Members of Art Beyond Cornell at the Spring Gallery event.

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Art Beyond Cornell exhibition features works by incarcerated youth

Art Beyond Cornell (ABC) recently held their Spring Gallery event, an exhibition showcasing art made by local incarcerated youth and ABC members. The student-run organization within the Einhorn Center for Community Engagement provides access to art and social connection to young men at MacCormick Secure Center in Brooktondale, New York, and aims to cultivate awareness of the American carceral system and opportunities for social justice.

On May 1, visitors to the Ruth Woolsey Findley History of Art Gallery could view a range of works, from paintings of the seasons to a group collage of a face, postcards showing a place the artist wants to go as well as doodles and games such as tic-tac-toe played by the participants.

“Art can be a powerful tool of self-expression and self-discovery, which is especially important both for youth and in the context of a dehumanizing environment,” said Steven Kim ’27, public relations chair for ABC. “The idea that the artwork that these guys make will be enjoyed by others is exciting to them.”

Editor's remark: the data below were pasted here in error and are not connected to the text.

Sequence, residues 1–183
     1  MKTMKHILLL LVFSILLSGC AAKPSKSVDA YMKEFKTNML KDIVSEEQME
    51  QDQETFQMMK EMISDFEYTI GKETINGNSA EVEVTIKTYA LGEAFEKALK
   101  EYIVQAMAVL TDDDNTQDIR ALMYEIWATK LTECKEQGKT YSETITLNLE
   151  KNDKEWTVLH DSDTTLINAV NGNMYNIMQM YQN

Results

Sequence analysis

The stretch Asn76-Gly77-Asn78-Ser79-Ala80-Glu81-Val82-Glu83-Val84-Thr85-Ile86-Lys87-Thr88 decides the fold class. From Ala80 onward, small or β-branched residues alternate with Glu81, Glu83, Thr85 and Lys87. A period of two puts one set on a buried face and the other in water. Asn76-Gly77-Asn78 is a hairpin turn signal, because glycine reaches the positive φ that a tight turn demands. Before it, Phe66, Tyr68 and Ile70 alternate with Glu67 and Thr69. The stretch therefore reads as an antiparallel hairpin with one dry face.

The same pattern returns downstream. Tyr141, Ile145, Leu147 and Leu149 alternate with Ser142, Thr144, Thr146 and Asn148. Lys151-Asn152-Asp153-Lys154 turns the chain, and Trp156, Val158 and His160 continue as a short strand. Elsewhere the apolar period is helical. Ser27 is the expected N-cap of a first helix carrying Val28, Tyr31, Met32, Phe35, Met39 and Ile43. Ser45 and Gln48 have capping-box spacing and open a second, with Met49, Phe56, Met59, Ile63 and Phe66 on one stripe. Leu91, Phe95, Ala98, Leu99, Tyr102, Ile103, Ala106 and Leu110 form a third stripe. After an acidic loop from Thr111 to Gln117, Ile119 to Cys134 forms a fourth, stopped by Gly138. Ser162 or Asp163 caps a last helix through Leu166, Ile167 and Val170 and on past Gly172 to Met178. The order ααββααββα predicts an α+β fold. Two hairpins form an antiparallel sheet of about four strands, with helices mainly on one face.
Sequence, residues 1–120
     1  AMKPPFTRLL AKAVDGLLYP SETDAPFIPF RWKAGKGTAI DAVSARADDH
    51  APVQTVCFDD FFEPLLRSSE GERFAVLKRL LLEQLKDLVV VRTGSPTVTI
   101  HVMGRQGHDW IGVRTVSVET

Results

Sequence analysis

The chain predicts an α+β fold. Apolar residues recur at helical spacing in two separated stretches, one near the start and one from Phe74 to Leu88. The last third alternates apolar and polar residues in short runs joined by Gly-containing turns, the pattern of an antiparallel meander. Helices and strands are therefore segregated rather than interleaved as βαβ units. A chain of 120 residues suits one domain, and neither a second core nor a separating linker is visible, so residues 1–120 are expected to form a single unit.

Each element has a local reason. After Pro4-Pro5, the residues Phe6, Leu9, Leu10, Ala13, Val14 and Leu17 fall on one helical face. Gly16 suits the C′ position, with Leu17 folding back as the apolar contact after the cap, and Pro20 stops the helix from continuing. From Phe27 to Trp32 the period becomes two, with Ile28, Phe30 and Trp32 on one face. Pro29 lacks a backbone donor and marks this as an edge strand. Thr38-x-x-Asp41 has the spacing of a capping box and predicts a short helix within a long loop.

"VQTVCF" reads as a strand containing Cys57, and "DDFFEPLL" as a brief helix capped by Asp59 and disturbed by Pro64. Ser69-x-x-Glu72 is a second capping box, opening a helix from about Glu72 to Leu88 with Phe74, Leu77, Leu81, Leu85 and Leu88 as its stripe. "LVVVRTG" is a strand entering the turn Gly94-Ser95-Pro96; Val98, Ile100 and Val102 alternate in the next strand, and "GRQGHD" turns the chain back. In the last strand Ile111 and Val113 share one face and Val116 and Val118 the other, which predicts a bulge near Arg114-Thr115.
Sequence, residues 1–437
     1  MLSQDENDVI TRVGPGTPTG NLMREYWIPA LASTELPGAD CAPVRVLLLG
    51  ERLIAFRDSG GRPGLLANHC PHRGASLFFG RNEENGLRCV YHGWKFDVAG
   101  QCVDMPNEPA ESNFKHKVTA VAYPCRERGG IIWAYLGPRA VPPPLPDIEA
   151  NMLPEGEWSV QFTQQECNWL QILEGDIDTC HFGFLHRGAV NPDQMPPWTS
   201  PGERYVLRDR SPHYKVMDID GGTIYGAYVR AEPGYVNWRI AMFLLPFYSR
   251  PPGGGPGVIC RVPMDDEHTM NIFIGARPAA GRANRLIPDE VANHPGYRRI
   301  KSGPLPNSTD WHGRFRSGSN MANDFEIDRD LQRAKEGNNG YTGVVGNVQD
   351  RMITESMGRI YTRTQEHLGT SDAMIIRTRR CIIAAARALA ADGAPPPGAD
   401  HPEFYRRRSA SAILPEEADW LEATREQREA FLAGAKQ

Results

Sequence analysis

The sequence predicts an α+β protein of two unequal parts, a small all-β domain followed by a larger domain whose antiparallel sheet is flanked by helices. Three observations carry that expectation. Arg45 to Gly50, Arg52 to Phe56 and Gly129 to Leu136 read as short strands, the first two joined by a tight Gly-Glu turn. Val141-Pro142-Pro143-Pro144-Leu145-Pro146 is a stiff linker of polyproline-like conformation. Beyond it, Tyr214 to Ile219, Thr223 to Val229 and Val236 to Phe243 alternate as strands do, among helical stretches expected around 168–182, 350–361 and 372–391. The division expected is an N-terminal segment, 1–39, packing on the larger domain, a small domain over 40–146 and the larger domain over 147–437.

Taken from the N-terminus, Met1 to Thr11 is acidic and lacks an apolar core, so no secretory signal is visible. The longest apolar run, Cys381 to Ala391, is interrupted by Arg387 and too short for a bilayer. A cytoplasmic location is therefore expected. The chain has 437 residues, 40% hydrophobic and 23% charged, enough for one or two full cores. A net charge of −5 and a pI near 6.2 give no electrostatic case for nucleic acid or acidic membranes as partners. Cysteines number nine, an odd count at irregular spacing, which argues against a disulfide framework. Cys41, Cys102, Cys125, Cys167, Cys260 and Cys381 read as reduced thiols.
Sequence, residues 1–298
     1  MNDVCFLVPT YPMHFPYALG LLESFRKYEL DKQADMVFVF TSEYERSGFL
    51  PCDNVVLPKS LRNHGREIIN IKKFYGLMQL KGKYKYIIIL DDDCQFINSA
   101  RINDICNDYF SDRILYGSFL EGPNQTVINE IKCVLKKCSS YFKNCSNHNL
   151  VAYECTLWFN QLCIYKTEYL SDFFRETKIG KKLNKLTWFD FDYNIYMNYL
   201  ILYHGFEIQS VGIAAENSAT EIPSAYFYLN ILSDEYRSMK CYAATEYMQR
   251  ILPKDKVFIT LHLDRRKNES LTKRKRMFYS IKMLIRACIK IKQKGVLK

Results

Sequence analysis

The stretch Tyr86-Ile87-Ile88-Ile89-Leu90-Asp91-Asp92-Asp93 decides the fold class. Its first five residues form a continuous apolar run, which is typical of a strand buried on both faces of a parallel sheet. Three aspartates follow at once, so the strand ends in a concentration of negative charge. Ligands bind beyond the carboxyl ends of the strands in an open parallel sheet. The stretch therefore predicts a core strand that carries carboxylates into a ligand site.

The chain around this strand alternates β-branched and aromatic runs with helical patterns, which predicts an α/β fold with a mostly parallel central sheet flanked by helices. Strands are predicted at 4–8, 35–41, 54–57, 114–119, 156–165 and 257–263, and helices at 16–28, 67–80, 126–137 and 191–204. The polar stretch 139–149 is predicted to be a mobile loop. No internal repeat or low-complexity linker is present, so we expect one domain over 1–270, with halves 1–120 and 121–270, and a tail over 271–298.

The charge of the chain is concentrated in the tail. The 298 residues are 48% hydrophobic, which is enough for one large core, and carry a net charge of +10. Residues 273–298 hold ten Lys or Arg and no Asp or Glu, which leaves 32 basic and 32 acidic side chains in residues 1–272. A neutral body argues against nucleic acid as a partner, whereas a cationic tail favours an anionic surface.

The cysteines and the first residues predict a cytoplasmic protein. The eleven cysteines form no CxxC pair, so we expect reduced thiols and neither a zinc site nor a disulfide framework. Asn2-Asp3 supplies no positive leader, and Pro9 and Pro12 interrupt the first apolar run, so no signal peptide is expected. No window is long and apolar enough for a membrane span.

More than a dozen youth and young adults between the ages of 16 and 21 typically take the ABC volunteers up on the offer of weekly art projects and hangout time.

During the gallery opening, members of ABC’s executive board gave short remarks, recounting their experiences in the organization and reading poetry written by MacCormick residents in the past. Activities such as card games and art gave guests a taste of what visits to the facility are like.

“We hope that the viewers are able to get some sense of the guys’ personalities and appreciate the creativity that they possess and the fun they had while making the art,” Kim said. “We want to make sure that the guys at MacCormick retained agency and ownership of their art, despite them not being able to be involved in how the work was displayed, so we were very careful to try to avoid imposing different messages and meanings that they may not have had in mind. We also hope that the viewers come away from the gallery thinking about the impact that the current juvenile justice system has on youth and start being more aware and engaged with social justice.”

The Spring Gallery exhibit was on display May 1–9. ABC art from last year can also be seen in a semi-permanent gallery in the Rose House Dining Room on West Campus.

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